He has been credited with the grand old party's revival in Uttar Pradesh, where they won 21 out of the total 80 Lok Sabha seats.
The Congress-led United Progressive Alliance (UPA) won the elections comprehensively.
In May 2011, Rahul was arrested by the Uttar Pradesh Police at Bhatta Parsaul village after he turned out in support of agitating farmers, demanding more compensation for their land being acquired for a highway project.
He blamed the then Chief Minister of Uttar Pradesh, Mayawati for not allowing him to protest and to address the farmers' needs.
However, Rahul has faced a lot of controversies. During a rally in Allahabad in 2013, he said that: "Poverty is just a state of mind. It does not mean the scarcity of food, money or material things. If one possesses self-confidence, then one can overcome poverty." The phrase "state of mind" drew sharp criticism from the opposition. BJP Uttar Pradesh spokesperson Vijay Bahadur Pathak criticised his comment and said that he was 'mocking the poor'.
Once, he also said that the introduction of Jan Lokpal Bill in the country would not be able to root out corruption alone. Anti-corruption leader Anna Hazare slammed him and said that he had made the bill "weak and ineffective".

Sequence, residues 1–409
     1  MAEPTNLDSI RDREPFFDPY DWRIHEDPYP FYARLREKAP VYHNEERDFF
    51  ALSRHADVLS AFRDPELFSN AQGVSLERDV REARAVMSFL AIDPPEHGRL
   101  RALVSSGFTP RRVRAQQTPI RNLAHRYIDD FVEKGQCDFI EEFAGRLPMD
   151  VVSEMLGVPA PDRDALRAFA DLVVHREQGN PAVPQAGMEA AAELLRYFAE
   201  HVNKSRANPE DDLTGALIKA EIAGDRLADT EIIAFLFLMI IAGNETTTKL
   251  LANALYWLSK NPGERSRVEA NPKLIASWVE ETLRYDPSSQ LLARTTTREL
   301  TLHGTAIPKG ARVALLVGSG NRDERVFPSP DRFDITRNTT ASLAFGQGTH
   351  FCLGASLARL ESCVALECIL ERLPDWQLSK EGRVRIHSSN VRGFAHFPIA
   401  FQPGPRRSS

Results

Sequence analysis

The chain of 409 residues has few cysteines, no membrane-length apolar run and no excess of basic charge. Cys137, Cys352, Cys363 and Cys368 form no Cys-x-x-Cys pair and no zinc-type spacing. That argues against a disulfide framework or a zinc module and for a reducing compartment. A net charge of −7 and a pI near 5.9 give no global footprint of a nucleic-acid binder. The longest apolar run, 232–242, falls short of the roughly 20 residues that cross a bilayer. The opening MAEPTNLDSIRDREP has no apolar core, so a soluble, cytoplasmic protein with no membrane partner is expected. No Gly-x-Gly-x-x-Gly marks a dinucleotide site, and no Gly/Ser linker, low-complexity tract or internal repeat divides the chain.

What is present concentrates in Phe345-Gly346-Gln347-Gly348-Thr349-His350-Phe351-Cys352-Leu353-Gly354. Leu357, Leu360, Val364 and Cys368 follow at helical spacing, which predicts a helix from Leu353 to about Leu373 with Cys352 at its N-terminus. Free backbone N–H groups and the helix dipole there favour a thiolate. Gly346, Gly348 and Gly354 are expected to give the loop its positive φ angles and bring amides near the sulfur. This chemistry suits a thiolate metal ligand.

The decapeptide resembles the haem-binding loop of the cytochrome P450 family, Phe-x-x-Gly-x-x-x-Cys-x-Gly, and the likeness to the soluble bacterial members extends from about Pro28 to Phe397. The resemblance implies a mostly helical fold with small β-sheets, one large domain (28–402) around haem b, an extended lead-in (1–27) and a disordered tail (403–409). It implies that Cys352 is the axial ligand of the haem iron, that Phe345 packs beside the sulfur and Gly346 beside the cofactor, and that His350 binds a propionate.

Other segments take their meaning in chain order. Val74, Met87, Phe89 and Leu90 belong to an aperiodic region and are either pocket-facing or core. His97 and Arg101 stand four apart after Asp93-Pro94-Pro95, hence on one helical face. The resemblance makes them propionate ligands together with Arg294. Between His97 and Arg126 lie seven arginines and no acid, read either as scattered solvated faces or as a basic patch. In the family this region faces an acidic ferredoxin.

After the 2013 Muzaffarnagar riots, Rahul claimed that a police officer had told him that Pakistan's Inter Service Intelligence (ISI) was trying to recruit disgruntled riot-affected youngsters, at an election rally in Indore. However, the district administration, the Uttar Pradesh government, the Union Home Ministry, the Research and Analysis Wing (RAW) and the Intelligence Bureau (IB) denied any such development.
This remark drew heavy criticism from various political outfits such as BJP, SP, CPI (Communist Party of India) and Janata Dal (United) (JD(U)). Congress leader Jairam Ramesh also demanded him to apologise to the Muslim community for the comment.
After the Gujarat elections this year, senior Congress leader Ghulam Nabi Azad had said "The entire country has lots of expectations from Rahul Gandhi. Much before he was elected, he has shown his mettle. He knows his responsibility."
Rahul's take over comes with a huge responsibility as the party was dethroned from many states, including Assam, Uttarakhand, Manipur and Maharashtra.
Karnataka, which goes to polls early next year, would be his first litmus test.